When using social networking, be mindful of personal OPSEC
July 16, 2009
- Social Media
Fort McPherson & Fort Gillem
In today's high-tech world, we connect with family friends, and colleagues in many ways. One of the foremost ways is through social networking sites such as Facebook, MySpace and Twitter. Use of social networking sites can be fun and rewarding, but it can also lead to dangerous situations. Here are a few simple tips to help keep the experience as safe and secure as possible.
First, keep personal information to yourself. Don't post your full name, Social Security number, address, phone number, or financial information - and don't post other people's personal information. Be cautious about posting information that could be used to identify you or your physical location. This includes personal information in your screen name that could reference something else in your life.
Even information as mundane as your high school mascot or your birth year can be enough for unwanted visitors to put together more information than you intend.
Second, limit access to your postings to those closest to you. Remember that the Internet is the world's biggest information exchange. More people could see your information than you intend, including your parents, your fellow Soldiers, your employers and your subordinate employees.
The safest way to deal with this is to not post information about yourself online that you don't want the general public to know. If you do post such information, think about restricting access to a select group of people, such as friends from school, your community groups or your family. I urge all users of social networking sites to familiarize themselves with the Web sites' security settings.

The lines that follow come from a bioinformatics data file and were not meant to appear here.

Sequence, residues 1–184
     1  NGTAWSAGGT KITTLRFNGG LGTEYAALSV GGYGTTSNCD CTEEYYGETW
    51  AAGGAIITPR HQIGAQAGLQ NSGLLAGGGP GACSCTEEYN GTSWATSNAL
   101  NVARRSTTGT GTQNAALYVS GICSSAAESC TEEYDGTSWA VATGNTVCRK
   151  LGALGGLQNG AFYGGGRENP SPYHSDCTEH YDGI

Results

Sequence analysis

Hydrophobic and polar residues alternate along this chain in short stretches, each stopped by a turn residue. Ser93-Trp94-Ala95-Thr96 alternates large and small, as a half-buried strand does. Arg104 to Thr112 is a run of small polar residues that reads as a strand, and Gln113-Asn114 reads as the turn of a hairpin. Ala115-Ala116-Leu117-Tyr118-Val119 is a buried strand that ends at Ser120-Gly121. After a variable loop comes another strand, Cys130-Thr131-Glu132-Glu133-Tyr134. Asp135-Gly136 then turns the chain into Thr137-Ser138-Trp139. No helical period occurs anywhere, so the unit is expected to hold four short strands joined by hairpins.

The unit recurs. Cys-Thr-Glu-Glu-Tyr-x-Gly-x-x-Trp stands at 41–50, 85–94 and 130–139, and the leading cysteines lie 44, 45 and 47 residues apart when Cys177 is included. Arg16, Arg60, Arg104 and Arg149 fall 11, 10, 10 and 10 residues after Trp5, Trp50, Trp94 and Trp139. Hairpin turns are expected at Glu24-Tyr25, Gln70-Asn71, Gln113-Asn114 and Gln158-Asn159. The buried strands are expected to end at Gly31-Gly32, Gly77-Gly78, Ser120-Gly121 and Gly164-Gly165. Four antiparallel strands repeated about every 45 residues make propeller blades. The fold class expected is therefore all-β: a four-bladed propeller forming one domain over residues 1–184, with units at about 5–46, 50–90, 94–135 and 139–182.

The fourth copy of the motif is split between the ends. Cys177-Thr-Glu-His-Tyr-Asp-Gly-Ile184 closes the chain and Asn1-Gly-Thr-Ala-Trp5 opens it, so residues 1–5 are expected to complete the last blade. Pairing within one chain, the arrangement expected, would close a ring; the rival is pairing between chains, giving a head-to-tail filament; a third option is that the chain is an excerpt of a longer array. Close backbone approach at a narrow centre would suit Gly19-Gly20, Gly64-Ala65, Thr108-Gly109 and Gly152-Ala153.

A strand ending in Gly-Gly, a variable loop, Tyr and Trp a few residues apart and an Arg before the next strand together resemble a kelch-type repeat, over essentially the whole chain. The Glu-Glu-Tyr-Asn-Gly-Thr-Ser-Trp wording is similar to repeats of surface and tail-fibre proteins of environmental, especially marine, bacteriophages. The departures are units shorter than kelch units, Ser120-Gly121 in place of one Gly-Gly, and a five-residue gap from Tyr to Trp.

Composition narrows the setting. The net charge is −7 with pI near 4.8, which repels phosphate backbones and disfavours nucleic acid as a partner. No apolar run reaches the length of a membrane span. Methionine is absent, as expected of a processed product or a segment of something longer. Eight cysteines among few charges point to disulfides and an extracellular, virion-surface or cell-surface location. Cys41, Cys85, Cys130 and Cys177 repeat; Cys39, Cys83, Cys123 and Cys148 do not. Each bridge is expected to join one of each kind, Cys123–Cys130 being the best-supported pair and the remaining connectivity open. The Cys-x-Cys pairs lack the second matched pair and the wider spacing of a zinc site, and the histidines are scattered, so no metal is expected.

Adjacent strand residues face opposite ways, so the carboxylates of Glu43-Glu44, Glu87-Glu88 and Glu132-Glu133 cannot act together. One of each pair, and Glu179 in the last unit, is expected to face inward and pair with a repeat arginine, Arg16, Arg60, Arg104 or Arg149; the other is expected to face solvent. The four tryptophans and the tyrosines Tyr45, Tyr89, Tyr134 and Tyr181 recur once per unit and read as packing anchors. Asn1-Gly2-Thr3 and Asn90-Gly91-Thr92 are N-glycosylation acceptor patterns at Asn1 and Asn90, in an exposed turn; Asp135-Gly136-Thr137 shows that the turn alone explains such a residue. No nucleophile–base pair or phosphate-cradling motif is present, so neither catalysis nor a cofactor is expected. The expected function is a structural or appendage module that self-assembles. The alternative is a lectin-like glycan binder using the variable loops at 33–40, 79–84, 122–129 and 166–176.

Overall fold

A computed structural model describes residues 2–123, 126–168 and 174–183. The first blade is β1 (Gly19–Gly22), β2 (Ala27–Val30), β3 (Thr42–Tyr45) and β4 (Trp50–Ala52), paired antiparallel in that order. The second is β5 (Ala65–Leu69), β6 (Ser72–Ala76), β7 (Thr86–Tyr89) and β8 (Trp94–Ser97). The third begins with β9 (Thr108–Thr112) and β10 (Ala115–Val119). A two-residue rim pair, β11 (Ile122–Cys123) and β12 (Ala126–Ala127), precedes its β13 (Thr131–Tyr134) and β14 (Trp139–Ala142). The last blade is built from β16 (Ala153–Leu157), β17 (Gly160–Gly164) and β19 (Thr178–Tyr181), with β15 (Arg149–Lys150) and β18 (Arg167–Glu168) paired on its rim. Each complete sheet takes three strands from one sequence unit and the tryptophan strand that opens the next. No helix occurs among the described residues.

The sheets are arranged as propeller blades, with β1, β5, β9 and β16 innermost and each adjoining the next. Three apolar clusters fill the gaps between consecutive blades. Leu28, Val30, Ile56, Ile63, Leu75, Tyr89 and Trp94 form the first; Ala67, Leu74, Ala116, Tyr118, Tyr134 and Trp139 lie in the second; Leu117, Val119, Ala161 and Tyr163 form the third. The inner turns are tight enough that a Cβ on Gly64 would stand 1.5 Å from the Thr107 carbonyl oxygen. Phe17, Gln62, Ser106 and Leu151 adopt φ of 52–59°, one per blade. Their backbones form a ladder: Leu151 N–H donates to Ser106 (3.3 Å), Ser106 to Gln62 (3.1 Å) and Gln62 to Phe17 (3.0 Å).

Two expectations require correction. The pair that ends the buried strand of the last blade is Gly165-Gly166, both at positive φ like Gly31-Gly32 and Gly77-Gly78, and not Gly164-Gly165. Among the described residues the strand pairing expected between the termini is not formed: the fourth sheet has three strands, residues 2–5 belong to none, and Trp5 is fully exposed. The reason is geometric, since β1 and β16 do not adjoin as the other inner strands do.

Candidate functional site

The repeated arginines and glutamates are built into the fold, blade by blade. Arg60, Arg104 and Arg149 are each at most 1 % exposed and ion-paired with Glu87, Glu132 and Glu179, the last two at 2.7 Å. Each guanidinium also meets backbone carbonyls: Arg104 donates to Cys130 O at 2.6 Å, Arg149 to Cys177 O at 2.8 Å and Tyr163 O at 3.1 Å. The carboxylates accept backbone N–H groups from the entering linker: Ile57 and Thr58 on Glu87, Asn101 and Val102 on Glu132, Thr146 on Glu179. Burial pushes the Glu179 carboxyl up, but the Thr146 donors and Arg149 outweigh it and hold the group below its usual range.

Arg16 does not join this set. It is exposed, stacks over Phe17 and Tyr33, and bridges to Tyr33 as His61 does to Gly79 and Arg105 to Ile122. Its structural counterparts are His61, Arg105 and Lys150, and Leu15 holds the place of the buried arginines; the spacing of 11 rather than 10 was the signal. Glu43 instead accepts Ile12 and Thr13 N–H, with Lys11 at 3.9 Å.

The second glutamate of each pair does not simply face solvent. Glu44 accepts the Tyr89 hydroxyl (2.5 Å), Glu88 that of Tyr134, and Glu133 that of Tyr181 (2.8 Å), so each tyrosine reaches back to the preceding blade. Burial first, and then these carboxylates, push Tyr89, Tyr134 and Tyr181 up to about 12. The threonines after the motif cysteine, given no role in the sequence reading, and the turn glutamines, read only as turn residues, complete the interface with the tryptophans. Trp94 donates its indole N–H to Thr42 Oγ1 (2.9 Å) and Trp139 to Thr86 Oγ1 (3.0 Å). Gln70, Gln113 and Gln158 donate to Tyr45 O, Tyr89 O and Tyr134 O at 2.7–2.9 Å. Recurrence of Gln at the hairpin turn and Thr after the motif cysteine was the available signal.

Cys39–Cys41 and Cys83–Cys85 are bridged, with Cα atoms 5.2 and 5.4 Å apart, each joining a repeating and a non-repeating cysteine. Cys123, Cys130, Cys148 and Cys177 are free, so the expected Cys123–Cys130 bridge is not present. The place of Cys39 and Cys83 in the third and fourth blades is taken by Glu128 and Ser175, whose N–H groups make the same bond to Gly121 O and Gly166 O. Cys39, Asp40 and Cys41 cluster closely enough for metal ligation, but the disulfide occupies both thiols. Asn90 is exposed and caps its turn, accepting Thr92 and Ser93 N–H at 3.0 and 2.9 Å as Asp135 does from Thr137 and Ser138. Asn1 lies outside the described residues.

Third, consider not posting your photograph online. Others can alter your picture and broadcast it in ways you may not want or expect. Once you post information or a photo online, you can't take it back. Even if you delete the information from a site, Web sites continue to store deleted information and older versions probably still exist on other people's computers.
Fourth, update your current status messages with caution. Don't tell others you're going out somewhere or are away for the weekend for a trip. It invites anyone who can see that update to take advantage of the fact that your house is now empty. Don't advertise that you live alone, for that has greater security risks. While it may seem fun to update your friends on the intimate details of your life, it also creates unnecessary security risks.
Soldiers and Family members must be especially mindful of operational security when posting information about deployments, deployment locations or unit movements. There are people looking for that information who do not have our best interests in mind.
Please do not interpret this message as discouraging the use of social networking sites to stay connected with friends and family. I simply advise you to remain mindful of the risks presented with the widespread dissemination of information. I encourage you to learn more about the social networking sites you use, and how to adjust the available safety features.
It is through vigilance that we can maintain our security and safety. Remember, there are a few aspects of your life that should remain yours, and other Soldiers' security may be at risk as well as your own.